Well, fossils, unlike other botanical specimens which wither and die, were perfect for working on while focusing on the job of raising my children. Most of the fossils had been waiting 300 million years to be looked at, so they could wait a bit longer while I dealt with the kids.

> What prompted you to purchase Falls Retreat at Johns River at the base of Middle Brother in 2003?

I wanted somewhere I could covenant the land to maintain biodiversity and develop as an environmental education centre. It is in a wonderful part of the world and well worth protecting. Since we’ve done all the plant, animal, bird, bat and frog lists and what not, we have realised that the biodiversity here is much, much richer than we ever thought it was going to be. We have even found a couple of rare and endangered frogs.

I am now very much into climate change and have a very important message to send, which is hopefully what I have been concentrating on doing and intend to do for the rest of my life. I decided a long time ago I was going to die at a 107, so I have a few good years left in me yet – so be warned!

> What kind of people come here to the retreat, and what do you hope they take away?

Groups of people who come here generally have an interest in the natural environment, but anyone who comes goes away with some background in the environment that they wouldn’t have had before – even if it’s only by mistake! An awful lot of people, if they’ve been into our forest and seen the stuff around the cascade waterfalls, they feel very differently about preserving the environment. Many people can feel so helpless in the face of what is endless bad news, and simply think, what can I do? But if you realise that it is absolutely essential that we control the emissions, because we have damaged so much of the environment that was holding those emissions in check. We need to back the people who are going to have the wisdom to see that it is going to be a green planet. There’s got to be a balance between green and other sort of life; the damage that we’ve done is so serious.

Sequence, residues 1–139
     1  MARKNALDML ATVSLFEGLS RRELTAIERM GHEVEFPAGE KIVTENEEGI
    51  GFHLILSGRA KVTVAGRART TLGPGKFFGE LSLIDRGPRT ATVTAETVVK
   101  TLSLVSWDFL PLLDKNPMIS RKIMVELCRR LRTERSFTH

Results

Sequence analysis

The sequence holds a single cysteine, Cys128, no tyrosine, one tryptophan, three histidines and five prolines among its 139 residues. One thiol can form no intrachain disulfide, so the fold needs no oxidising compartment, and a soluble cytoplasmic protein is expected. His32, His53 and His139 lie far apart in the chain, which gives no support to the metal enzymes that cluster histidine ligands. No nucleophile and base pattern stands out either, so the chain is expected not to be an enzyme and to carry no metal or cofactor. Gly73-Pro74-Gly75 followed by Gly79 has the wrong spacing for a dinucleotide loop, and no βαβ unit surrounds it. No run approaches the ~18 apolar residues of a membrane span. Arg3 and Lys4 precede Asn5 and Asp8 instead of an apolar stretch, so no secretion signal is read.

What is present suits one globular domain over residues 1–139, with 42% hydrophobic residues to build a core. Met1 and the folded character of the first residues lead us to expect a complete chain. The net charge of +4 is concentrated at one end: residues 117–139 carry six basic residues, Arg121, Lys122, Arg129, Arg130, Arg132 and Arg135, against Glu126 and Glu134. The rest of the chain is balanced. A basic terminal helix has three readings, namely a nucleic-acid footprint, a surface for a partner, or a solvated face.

> So on a basic level, what can people do?

Well, they can do all the ordinary things of controlling their electricity consumption. And they can also be very aware of the fact that any destruction of vegetation is dangerous and there should be no more destruction of natural vegetation – anywhere. Absolute protection of the original old growth forests, where you have the biodiversity – everything that we do has an effect. I’m afraid that we have a very little window of opportunity for all this, unless we stop now the rate of the tropical forest destruction, for instance. I don’t despair, because I think the planet is slightly more resilient than we think.

Australia has such a wonderful opportunity to lead in this sort of education. When you realise that everything you do is having an effect on something, and many of the things are having a very negative affect on the things that we badly need to be protecting, it gives you a feeling that there is plenty you can do. Replacing vegetation, choosing a much simpler living standard, decreasing your environmental footprint.

> Thank you Mary.